Another day, another leader.
Robertson to Benton to Fujita may sound like a dominant double play combination, but more than anything it shows the volatility of this event. The first day leader ceased to be on ‘em and fell out of the cut altogether (29th), while yesterday’s pacesetter barely managed to survive, hanging onto the 10th spot.
Survival to fish another day is the name of the game, because there’s plenty of water with huge potential here.
“A lot of guys have been around the winning fish this week,” Greg Hackney explained.
Less than 5 pounds separates 1st from 10th, and less than 2-pounds separates 3rd from 10th. In other words, it’s still anyone in the Top 10’s tournament to win.
Here’s what I think I saw during today’s whirlpool of activity:
Windows opening – Per BASS Trakk, at noon Mike Iaconelli was the only angler with 20 pounds in the livewell, and he had that amount exactly. A few moments later Bernie Schultz caught an estimated 4-12 to climb past 20. Going into the tournament, we expected the first hour or two to be the key window, but there’s also been a (perhaps better) one from 1 to 3 pm each day. After the full field weighed in 16 bags over 20 pounds on Day One and 15 more on Day 2, today’s reduced field of 50 anglers brought 13 of them to the scales, despite the comparatively slow start.
Consistency – Tournament leader Kyoya Fujita is the only angler who has topped 20 pounds all three days.
You win some, you lose some – Yesterday we watched Hunter Shryock make a near-miraculous catch when a 4-pounder wrapped him around a dock piling and required some quick thinking and dexterity – along with a little luck – to end up in the boat. Today he wasn’t so lucky with a 6-pounder on lighter tackle. “You weren’t going to get that fish out of there if it wrapped around that post,” he said after it came off. “I just did not want to do the rodeo that we did yesterday.” In order to claim his first Elite title, Shryock will have to win more of those battles than he loses, or perhaps win all of them from here on out. He caught a weekly-personal-worst 18 pounds, 5 ounces today and finds himself 1-5 out of the lead. That one fish would’ve added at least 2 pounds to his catch.
Downstream economic impacts – When a new tackle trend comes along, the manufacturers and distributors of key products clearly benefit, but so too do others. For example, the Alabama rig necessitated all sorts of jigheads and swimbaits to be effective. But the biggest secondhand beneficiary of the forward-facing sonar craze has been jerkbait manufacturers. Today we saw anglers including Jake Whitaker and Patrick Walters using them a month or two after most anglers would have put them away in the past. “Jerkbait 365 days a year,” said LIVE Mix commentator Clent Davis when asked to choose a single lure to be his ride or die.
Kimura keeps on keeping on – The Ironman of the Elite Series, Kenta Kimura (currently 4th), who also fished the Classic and every 2023 Open to this point, continues his hot streak. He’s made eight of the last ten Elite cuts, and with this Top 10 finish, he’s been in the top 20 in six of them. Over 2022 and 2023, he’s also notched seven Open money finishes, including six in the top 20 and five in the top 10. While he’s done better in Opens, including last year’s win on the James River, his best Elite finish to date has been a 9th at the Harris Chain.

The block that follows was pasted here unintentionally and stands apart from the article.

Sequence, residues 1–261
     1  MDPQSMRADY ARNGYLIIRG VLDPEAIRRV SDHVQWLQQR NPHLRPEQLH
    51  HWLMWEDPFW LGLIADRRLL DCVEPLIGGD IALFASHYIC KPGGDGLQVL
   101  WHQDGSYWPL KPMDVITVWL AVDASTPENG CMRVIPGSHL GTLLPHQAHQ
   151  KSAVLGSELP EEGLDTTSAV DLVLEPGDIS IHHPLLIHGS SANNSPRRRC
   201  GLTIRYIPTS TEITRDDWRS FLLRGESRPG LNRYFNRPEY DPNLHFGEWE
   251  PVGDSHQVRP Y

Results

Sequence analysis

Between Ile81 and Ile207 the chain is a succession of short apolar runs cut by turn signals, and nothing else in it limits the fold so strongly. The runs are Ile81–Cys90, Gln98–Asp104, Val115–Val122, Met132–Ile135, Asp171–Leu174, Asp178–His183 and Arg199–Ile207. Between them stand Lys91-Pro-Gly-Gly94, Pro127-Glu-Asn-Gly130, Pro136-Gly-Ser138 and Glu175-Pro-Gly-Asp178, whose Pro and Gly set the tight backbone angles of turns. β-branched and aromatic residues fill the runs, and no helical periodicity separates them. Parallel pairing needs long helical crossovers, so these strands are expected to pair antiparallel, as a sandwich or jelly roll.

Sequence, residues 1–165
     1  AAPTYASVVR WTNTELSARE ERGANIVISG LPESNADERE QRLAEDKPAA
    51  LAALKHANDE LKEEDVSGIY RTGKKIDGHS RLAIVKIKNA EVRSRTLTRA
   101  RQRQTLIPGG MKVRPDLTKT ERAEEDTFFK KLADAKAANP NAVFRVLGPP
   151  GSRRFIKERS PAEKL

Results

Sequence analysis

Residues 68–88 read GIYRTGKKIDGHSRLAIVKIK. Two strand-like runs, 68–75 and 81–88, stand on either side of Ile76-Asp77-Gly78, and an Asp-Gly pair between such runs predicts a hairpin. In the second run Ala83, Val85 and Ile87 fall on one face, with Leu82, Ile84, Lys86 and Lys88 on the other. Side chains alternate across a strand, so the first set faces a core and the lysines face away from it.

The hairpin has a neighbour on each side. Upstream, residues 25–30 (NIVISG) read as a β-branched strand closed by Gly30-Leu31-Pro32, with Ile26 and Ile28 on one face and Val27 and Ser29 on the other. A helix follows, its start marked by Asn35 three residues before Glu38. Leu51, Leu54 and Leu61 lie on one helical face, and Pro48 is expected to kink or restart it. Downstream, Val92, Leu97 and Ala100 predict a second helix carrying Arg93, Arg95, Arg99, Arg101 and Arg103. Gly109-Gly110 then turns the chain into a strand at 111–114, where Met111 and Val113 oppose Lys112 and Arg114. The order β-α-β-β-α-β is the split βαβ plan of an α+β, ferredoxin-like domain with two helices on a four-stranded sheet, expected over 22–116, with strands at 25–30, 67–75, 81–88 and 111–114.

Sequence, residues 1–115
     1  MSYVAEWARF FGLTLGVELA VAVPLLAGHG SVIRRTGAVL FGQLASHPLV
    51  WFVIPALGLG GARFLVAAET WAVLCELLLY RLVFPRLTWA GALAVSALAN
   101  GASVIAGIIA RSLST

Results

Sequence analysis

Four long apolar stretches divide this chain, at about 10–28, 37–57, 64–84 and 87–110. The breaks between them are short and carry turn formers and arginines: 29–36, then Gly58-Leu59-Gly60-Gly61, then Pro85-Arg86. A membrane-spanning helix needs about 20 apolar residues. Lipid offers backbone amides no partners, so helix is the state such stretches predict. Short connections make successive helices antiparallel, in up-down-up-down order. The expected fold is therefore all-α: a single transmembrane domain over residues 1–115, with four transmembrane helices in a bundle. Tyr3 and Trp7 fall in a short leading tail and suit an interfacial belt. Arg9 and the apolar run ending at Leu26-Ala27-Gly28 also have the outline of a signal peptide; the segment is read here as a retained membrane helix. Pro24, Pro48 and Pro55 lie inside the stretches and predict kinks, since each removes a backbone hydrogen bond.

Getting better – John Cox is the only angler in the top ten who has seen his weight get better every day – from 18-13 to 21-2 to 21-9.
Dropping, but still happy – Patrick Walters and Brandon Cobb are the only anglers in the Top 10 who have seen their weights get worse every day.
Thumbs up – Handling lots of fish comes at a cost. “If Band Aid is watching now, I’m looking for a sponsorship from Band Aid,” said Mike Iaconelli of his beleaguered thumb. “I’m a little upset because my career as a hand model is gone.”
Ike’s long wait – Soon-to-be-inducted Bass Fishing Hall of Famer Mike Iaconelli got knocked out of the top ten by two 26 pound bags at the end of today’s weigh-in. Luckily he made it in the last event at Seminole, his first final day appearance the Elite Series regular season since he finished 10th at Lake Dardanelle in June of 2017.
Lucky seven – Despite the incredible catches, we hadn’t seen a 7-pounder at the scales through two days of competition. Today Matt Arey (25th_ changed that when he weighed in a 7-11, which he said fought past a barrage of smaller fish to get his lure. “I promise you that was the biggest bass on the point and there were 60 or 70 of them up there,” he said onstage.
Texas rigged – Lee Livesay (13th) mentioned that Lake Murray reminded him of Lake Fork, his home waters. That triggered my memories of the late David Wharton, who called Sam Rayburn home, and twice won Bassmaster Top 100s on Lake Murray (in 1991 and 1993). In the latter of those two wins he beat out runner-up (and fellow Texan) Zell Rowland by nearly 11 pounds. David Fritts, Larry Nixon, Mark Menendez, Bernie Schultz and Rick Clunn, all current Elite Series pros, also fished that event. Of course, Murray has changed since then – the grass is mostly gone, and the bluebacks have arrived – but if you watch the old YouTube videos of Wharton’s wins you can see how he applied his Texas grass fishing experience to a lake nearly 900 miles away.
Home cooking – Three Palmetto State anglers – Patrick Walters (3rd), Jason Williamson (8th) and Brandon Cobb (9th) made the Top 10. Pre-tournament Fantasy Fishing favorite Bryan New finished a disappointing 87th.